Call it a contemporary case study into classic old-school politics: the money, the characters, the powerful connections and backroom deals.
When the FBI arrested longtime Assembly Speaker Sheldon Silver Thursday, charging one of the most powerful New York politicians in a generation with taking millions of dollars in bribes and kickbacks, it not only stunned the power establishment in Albany, it also changed the political calculus for the state’s ambitious governor, Democrat Andrew Cuomo.
In New York politics, the governor and the Assembly speaker, along with the leader of the state Senate, often have been called “three men in a room,” the ultimate arbiters of all legislation as well as the crucial annual budget bill.
“And nothing, nothing passes the state legislature without Silver’s approval,” says Ken Sherrill, professor emeritus of political science at Hunter College in Manhattan.
So on the one hand, Speaker Silver’s arrest leaves an enormous power vacuum in Albany’s legislative halls.
“Assuming he does not continue as speaker, Silver will be replaced by somebody who is close to the governor,” Professor Sherrill says. “Unless the governor is implicated with what Silver’s charged with – and I suspect he won't be – I think it will only enhance the governor’s power.”
As he begins his second term at the helm of one of the nation’s most influential states, Governor Cuomo has carefully, perhaps even masterfully, cultivated a record as a fiscally conservative blue-state Democrat, resisting tax increases and holding down pressures to spend more, especially from downstate progressives in New York City.
Yet Cuomo has also been enormously successful at passing legislation tied to liberal social causes. He pushed forward a tough gun-control bill after the Sandy Hook massacre in 2012, and surprised many New Yorkers with his behind-the-scenes effort to pass a gay marriage law in New York – an unexpected effort that is credited with helping open the floodgates as other states soon followed. Were it not for the dominating national presence of former Secretary of State Hillary Clinton, another moderate Democrat, many believe Cuomo would be actively planning a 2016 run.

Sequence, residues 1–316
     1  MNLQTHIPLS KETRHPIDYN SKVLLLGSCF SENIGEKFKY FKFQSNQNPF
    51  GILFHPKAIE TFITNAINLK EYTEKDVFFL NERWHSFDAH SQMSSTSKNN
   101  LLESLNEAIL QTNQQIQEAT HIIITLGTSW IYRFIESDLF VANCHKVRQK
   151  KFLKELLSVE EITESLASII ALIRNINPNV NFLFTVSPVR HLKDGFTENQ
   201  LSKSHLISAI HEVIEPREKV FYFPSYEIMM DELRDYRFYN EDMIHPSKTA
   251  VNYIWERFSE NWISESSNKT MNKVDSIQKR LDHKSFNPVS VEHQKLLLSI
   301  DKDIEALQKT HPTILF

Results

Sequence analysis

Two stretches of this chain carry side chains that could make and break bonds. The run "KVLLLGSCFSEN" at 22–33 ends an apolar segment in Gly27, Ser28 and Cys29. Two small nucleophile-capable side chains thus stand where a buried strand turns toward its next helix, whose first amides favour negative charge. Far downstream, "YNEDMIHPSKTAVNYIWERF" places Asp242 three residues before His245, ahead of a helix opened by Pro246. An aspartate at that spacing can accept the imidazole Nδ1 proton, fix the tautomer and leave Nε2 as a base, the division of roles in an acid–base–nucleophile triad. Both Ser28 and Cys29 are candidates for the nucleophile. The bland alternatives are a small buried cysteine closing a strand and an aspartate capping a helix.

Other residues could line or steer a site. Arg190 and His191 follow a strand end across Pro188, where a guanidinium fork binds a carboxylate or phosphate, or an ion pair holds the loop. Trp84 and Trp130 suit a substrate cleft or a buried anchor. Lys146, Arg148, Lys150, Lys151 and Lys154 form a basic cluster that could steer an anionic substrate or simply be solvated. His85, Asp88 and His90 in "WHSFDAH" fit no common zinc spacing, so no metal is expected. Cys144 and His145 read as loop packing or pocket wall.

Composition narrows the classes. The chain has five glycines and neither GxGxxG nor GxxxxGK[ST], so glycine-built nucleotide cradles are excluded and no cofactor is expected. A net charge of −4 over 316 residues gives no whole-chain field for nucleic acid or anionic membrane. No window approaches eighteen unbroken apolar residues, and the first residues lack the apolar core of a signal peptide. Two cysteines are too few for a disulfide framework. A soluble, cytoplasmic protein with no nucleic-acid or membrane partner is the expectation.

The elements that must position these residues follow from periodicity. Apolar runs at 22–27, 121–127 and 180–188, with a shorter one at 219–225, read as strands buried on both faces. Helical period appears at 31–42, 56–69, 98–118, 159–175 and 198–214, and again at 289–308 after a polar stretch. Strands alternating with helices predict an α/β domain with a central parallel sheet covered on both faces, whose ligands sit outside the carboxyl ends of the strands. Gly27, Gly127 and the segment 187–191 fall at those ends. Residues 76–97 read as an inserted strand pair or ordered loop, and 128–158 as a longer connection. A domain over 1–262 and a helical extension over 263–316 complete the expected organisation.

But Silver’s arrest also could come with great peril for Cuomo, highlighting one of the most embarrassing episodes of his tenure.
In 2013, Cuomo, with much fanfare, formed the Moreland Commission to Investigate Public Corruption, channeling his inner Teddy Roosevelt, who made his political name battling New York’s famous political machines and rampant corruption.
“The politicians in Albany won’t like it, but I work for the people, and I won’t stop fighting until we all have a government that we can trust,” he proclaimed during the 2012 campaign.
The Moreland Commission, he later promised, would be the most far-reaching and aggressive investigation in state history, probing Albany’s well-known “cesspool,” observers say, of free-flowing cash and political corruption. Since 2000, at least 30 New York politicians have faced legal or ethics charges, according to Reuters. One assemblyman wore a wire for three years, recording his colleagues, after he was secretly indicted on corruption charges.
But then, without warning, Cuomo shut the commission down last March. At the time, he said that since the state had just passed new ethics laws, the corruption panel’s investigations were no longer needed.
“[Silver’s arrest] is all that much more stunning given the events that have precipitated the arrest,” says Jeanne Zaino, professor of political science at Iona College in New Rochelle, N.Y. “Just yesterday Silver attended the state of the state address and was sitting close to the governor – and of course, by all accounts, the charges stemmed from the governor’s abrupt and widely criticized shutdown of the Moreland Commission last spring, which many have speculated was done in collusion with the speaker.”
After Cuomo shut down the commission, US Attorney Preet Bharara demanded the panel’s files and then continued many of the investigations it had started. Mr. Bharara also sent Cuomo a sharply worded letter, threatening to investigate the governor for possible obstruction of justice or witness tampering, after several members of the commission issued public statements defending the governor’s decision to disband the panel, following a public uproar.
Following up on many of the panel’s findings, the US attorneys continued their corruption probes.
On Thursday, Bharara charged Silver with five counts of mail fraud, wire fraud, and extortion, accusing the powerful Assembly speaker with “using the power and influence of his official position to obtain for himself millions of dollars of bribes and kickbacks masked as legitimate income.”
Prosecutors say Silver received millions of dollars in income from two law firms through “the corrupt use of his official position.” Authorities seized $3.8 million from his accounts on Thursday.
“Everybody thinks the commission was shut down because it went somewhere or found something that was too hot to handle,” says Sherrill. “At the time, most people conjectured that the problem was that it had found stuff on people close to the governor. It’s now quite possible that the stuff too hot to handle was on Sheldon Silver.”